Guidelines 🚀 5 best practices for chatbot design in Landbot 🤖
When you get started working with Landbot, it might be useful not only to know the basics of building a chatbot, but also having an overview on some guidelines and best practices, especially for larger and complex bots. 🤖
- Plan it before you build it! ✏️
You can’t build a house without a project, right? 🏠 Well, it’s kind of the same with conversations! 💬
First thing, try to think of the number of flows, or stories that your bot is going to tell.
The stories can have different paths inside it, just like chapters in a book.
🔹 How many stories do you want to tell?
🔹 How many different paths can the user take when chatting with the bot?
🔹 Do they have an order to follow?
🔹 Do the chapter have distinct subsections or paragraphs?
🔹 Do you want the user go back to the start to be able to take a different path, or do you want to end the conversation with a human interaction? or maybe you want the user to be able to share the bot on social medias?
Those are questions that you might want to answer before you start, and they can help you make decisions that will guide you through your work.
Try to visualize these flows, it may sound hard, but it’s quite easy!
You can pick up pen and paper and draw a simplified flowchart to keep in mind all the decisions you made.
✅ DO’s: Have a checklist, draw a flowchart.
❌ DONT’s: Start without a previous brainstorming!
- Follow your own stories!
That’s the moment to start building in Landbot! 🤖
Now that you know exactly how many flows do you need, you can start building them in order.
You can start with the first flow, positioning each new block horizontally.
Of course there can be many connections coming out of a block, but you can still keep following the direction of the main flow.
When you need to tell a different story, you can start another flow below the first one, and follow again the horizontal line, just like you do when writing! 🖋
When you're ready, have a look at these articles to learn about the builder essentials.
✅ DO’s: Follow the order you previously established and stick to it, and if something new comes to your mind you can easily integrate it after.
❌ DONT’s: Build many blocks without a logic behind.
- Keep it logic and readable.
Try to avoid superpositions of blocks (you have infinite virtual space!) and circular flows, because it can look very confusing when go go back to it!
Of course you can connect a final block with the first (or previous) one, but you should be able to look at them as the start point and end point of a horizontal line.
If the final block is “far away” from the first, the Jump To 🔗 block can help you go back to the start without having to connect the last and first block with a very long arrow.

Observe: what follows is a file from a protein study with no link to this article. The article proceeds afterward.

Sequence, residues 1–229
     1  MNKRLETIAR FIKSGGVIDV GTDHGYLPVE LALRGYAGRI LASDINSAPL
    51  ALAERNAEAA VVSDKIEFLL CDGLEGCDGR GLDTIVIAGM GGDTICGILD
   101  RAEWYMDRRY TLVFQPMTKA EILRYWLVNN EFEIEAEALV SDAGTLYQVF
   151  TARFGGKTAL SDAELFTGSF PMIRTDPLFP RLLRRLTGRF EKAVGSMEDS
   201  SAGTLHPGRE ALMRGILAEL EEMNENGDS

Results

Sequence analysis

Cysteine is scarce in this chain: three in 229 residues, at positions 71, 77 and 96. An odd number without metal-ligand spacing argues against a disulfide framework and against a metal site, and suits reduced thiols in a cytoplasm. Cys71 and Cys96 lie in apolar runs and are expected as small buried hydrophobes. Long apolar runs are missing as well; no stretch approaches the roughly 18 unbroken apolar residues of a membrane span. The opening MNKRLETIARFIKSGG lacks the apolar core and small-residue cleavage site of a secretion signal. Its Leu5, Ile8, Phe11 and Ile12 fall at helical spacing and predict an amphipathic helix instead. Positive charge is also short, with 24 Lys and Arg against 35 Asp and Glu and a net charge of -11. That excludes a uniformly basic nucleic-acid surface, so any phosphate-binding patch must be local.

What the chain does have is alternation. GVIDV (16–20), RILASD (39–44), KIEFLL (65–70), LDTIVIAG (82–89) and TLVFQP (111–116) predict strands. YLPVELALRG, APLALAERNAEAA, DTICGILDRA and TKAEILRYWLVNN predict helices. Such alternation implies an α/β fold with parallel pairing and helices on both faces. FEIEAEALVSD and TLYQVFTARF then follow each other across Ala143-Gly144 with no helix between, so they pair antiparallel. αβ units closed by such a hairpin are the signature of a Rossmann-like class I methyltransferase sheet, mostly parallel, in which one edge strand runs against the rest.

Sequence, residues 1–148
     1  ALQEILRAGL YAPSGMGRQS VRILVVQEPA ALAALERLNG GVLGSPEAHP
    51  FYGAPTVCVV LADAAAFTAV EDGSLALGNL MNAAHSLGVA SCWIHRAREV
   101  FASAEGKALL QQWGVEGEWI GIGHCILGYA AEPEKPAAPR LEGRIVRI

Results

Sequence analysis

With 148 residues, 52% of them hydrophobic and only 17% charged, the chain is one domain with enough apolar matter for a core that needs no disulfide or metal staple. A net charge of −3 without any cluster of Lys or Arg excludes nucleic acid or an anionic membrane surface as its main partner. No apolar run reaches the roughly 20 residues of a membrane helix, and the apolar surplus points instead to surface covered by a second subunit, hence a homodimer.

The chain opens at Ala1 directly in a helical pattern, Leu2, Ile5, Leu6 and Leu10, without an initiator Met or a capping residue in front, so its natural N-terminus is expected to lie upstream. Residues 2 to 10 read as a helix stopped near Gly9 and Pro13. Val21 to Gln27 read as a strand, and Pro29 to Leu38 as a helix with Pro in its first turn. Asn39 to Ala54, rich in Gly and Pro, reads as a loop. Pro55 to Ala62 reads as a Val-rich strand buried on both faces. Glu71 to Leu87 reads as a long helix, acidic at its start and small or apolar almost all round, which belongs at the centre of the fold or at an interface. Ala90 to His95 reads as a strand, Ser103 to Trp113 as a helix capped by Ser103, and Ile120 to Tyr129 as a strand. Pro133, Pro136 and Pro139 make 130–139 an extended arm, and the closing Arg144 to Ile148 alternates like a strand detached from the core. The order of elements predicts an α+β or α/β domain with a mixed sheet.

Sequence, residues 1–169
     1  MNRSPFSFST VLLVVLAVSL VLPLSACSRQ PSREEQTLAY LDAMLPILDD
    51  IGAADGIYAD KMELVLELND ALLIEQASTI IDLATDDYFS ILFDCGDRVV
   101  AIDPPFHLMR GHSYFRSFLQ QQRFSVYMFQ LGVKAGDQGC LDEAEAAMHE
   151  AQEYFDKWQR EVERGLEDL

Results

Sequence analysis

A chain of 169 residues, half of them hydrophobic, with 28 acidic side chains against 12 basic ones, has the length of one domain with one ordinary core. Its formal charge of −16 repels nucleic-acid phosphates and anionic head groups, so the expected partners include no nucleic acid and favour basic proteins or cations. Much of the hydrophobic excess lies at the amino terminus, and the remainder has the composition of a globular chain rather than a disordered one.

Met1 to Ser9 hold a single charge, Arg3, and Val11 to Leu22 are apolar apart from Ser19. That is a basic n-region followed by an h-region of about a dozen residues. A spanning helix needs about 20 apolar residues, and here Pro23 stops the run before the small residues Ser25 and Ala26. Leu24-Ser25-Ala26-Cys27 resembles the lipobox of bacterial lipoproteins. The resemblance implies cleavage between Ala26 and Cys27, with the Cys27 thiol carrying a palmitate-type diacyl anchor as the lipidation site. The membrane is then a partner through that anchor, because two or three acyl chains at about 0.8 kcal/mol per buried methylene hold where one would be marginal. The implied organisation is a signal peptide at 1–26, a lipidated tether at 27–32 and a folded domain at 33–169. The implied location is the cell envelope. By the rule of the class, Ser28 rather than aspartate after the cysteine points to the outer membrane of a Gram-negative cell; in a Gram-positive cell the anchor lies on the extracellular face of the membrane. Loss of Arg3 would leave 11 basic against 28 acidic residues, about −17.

Also, make sure all your blocks are connected into the flow, meaning they all should have at least an arrow pointing to them (except, of course, the first one).
Here you can find more information about the Jump To block.
✅ DO’s: Build blocks with a fair distance to each other, in a linear way.
❌ DONT’s: Superposition of blocks, building a flow in “circle” or multiple directions.
- Keep it organized and clear (and if you want, reusable!)
Finally, you can use Bricks 🧱 to keep your work organized and your mind clear.
You can select multiple blocks and click on “Create a Brick” to have all those blocks grouped in one site, just like a folder on your computer.
You can group all your main sections or “stories” into different bricks, and even have bricks inside other bricks to collect your different paths or “chapters” of your stories.
Having Bricks will also make the bot lighter and reduce loading time.
If you need, you can make a Brick reusable, converting it into a Brick template! This is particularly useful if you want to replicate the Brick in another part of the bot.
Here you can find an article dedicated to the Bricks.
✅ DO’s: Have your blocks grouped and organized in Bricks.
❌ DONT’s: Have a large and complex bot with no Bricks, or create too many level of nested Bricks.
- Test, test, test!
Last but not least, it can be useful to test your bot as you go, to be immediately aware of how it looks and feels like.
If you build everything without testing it first, it will be a lot harder and tedious to find and solve errors, or go back and change things that you don’t like.
Here you have an article on how to test your bot through the Share URL
✅ DO’s: Test as you build the bot using the Preview or from the Share URL
❌ DONT’s: Create a lot of blocks and test it all at the end.